My parents never explained my Chinese name to me as “Dawn of the Orchid.” To this day, the actual meaning of my Chinese name is quite lost in translation and I only know that my mother and I share the same character of “orchid.” As for my American first name, I have never gotten any further explanation than hearing from my parents that they liked the name Alice because they thought it was “nice sounding.” My middle name Ann was given to me as a suggestion from a nurse present at my birth.

Using the same site Steven used, Alice means “noble,” and Ann means “He (God) has favored me.” I am quite sure my parents do not know that the combination of Alice Ann has this prescribed meaning, just as I do not understand my own Chinese name.

While the etymology of names in English may reveal more than what is apparent to the naked eye, the same goes for names in Asian languages and, in fact, names in all languages worldwide. Common names simply get a bypass on the question, although the truth is that each and every name is unique. Every name has a unique story behind it, and while etymology may be fun to research, we define what our names mean through our life stories. It’s not “West versus East,” but rather “Common versus Uncommon,” respectively. (Tsui, The ‘Exotic’ Asian Name)


When I was in elementary school, I had a very diverse class setting but Asians were still the minority. While I consider my elementary school experience as a happy and great one, there were moments of bullying that I will never forget. My first instance I remember was when non-Asian students would ask me how to pronounce my last name: Tsui. I would phonetically say it slowly: “TSOY, like the t and the s are blended together.” But that response was merely followed by remarks including:

Soy? Like soy sauce?!

Tee-soy? Haha!

Suey… suey suey suey!

Tissue!

(Tsui, Asian Kids are the Most Bullied)


The excerpts I have included continue to resonate with me deeply today, 8 years after I have originally written them. I was reminded of these experiences by Hasan Minhaj, the political comedian and host of Patriot Act, in his recent videos discussing his experiences with pronunciations of his name. Most notably to me, Minhaj recounts a time when he was auditioning and his name was mispronounced – and he himself reiterated that it did not matter.

Within the first minute of another video, Desi-American kids and Hasan Minhaj start off by naming how their name is actually pronounced, but then pronounce it the “White” way.

Why are names still being mispronounced and colonized (also read as: appropriated) today?

Why is there a “White” way to pronounce names with roots in non-English languages? 

As an educator, I have seen and heard other educators mispronounce butcher and Whiten names for convenience sake. What is “convenient” for the educator is inflicting harm on a child’s identity. Too often, we have learned that as long as we try our best to say it, that’s all we can do. NO! We MUST do better and get it right – right not in the way of how we may know to pronounce it from a prior experience teaching a student with the same name, but right in the way that we are saying a specific child’s name exactly the way the specific child wants us to say their name.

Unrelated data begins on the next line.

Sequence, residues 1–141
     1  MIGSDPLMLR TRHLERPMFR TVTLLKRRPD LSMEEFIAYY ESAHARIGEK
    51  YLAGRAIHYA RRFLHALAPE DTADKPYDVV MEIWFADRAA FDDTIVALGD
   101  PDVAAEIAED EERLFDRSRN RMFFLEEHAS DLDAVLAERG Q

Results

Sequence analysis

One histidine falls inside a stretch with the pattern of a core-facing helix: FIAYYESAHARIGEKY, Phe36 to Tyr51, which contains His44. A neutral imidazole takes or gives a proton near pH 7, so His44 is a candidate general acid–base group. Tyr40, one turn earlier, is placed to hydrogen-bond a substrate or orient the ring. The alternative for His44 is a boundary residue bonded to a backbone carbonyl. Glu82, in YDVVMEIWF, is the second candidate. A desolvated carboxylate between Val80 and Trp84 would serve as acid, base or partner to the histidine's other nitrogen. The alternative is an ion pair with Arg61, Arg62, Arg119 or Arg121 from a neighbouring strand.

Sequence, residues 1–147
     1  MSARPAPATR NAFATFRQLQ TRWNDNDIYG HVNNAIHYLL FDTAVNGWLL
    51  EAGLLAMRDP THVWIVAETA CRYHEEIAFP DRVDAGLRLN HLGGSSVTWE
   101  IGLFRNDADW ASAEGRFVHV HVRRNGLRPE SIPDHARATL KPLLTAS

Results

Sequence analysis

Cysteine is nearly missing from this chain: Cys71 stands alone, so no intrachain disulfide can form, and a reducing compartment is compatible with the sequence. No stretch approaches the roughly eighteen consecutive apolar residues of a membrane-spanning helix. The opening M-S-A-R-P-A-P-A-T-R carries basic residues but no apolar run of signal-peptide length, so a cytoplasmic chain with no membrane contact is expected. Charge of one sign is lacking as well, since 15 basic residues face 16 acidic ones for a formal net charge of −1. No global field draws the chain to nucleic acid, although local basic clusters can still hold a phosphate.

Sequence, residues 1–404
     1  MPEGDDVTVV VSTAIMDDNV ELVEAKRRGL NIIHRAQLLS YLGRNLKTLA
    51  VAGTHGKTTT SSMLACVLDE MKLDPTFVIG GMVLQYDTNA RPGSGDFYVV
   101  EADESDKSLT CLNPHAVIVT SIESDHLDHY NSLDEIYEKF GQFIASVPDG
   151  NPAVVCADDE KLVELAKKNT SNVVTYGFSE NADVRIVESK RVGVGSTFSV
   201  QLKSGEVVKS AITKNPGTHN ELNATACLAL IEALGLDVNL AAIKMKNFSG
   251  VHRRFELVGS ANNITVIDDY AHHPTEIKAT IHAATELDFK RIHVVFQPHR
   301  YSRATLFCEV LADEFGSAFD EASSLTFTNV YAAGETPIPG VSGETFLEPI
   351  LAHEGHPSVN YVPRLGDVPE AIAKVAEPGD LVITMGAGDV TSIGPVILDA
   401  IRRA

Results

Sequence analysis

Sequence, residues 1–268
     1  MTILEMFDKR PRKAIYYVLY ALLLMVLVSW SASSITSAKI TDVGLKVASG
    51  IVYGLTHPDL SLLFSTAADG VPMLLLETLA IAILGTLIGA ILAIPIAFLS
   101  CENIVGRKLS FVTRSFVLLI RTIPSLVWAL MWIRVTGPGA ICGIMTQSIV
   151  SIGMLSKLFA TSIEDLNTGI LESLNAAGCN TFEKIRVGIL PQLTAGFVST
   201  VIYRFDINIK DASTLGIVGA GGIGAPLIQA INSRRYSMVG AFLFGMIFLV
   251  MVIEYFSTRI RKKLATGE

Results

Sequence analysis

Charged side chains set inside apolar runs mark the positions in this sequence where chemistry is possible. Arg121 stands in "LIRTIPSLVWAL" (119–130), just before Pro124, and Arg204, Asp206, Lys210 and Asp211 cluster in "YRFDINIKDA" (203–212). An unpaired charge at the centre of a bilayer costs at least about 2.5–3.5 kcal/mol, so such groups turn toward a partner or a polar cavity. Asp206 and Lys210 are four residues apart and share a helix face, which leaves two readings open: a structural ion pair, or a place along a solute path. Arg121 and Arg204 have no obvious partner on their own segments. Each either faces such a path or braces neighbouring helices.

In fact, let’s forget the educator perspective for a moment. What is “convenient” for another person to say, is HURTFUL to the person whose name it is. Equally if not more  appalling is when I hear people anglicize names – such as from “Juan” to “John”, or when my mom was given an “American” (read: White) name (that by the way sounded NOTHING like her Chinese name) because her Chinese name was “too hard” for her coworkers to pronounce correctly.

My name DOES matter, and who I am, does matter. (Minhaj, 2019).

My parents chose my name “Alice” not because of its meaning in the baby book dictionaries (I doubt they even looked in those), but rather because it was “easy to pronounce”. Somehow, prior to my birth, my parents already internalized the idea that having a non-English first name would make my life more difficult, or perhaps even their lives more difficult as non-native English speakers. This “easier” first name seemed to be defeated, however, by my “impossible-to-pronounce” last name.

Since I had a last name that was “difficult to pronounce” for most English-speakers, I started to believe that the accurate pronunciation (by my account) of my last name was insignificant. It took a long time for me to become somewhat comfortable with correcting people with how to pronounce my name, and to this day I still sometimes give up after 2 or 3 tries and the other person does not say it properly. These messages of my name having exotic (read: interesting for the story, not for the actual transliteration or pronunciation of the name itself) meanings while simultaneously being unpronounceable were communicated to me as a kid, and people with exoticized and/or mispronounced names should not feel the need to shed their cultural skin for a more colonized one. There is NO such thing as a name that is too difficult to pronounce. There is NO such thing as a name that does not matter.

My name matters. As I wrote 8 years ago,

we define what our names mean through our life stories (Tsui, 2011).

Tell your life story with how YOU want your name pronounced.

Take the time to make sure another person’s name matters as well.